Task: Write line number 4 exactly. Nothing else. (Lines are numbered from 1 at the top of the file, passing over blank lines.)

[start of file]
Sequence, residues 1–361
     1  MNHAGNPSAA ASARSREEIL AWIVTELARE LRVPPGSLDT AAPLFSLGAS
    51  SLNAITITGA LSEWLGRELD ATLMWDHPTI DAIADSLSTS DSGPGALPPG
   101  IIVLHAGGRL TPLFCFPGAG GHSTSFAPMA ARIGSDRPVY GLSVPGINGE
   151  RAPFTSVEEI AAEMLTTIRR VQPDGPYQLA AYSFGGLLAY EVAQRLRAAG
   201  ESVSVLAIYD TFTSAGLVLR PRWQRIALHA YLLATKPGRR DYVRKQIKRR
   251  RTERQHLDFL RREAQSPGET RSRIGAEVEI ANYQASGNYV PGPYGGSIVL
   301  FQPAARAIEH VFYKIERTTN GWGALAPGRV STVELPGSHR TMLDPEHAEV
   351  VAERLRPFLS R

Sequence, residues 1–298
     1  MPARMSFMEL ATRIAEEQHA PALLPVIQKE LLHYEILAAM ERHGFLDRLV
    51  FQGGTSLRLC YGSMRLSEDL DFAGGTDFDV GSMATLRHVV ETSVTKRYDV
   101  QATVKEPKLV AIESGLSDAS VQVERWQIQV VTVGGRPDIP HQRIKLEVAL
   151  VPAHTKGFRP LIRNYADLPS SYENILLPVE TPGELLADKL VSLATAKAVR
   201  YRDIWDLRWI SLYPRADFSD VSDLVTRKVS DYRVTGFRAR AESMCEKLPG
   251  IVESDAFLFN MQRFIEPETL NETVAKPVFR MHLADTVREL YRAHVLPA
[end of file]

   101  IIVLHAGGRL TPLFCFPGAG GHSTSFAPMA ARIGSDRPVY GLSVPGINGE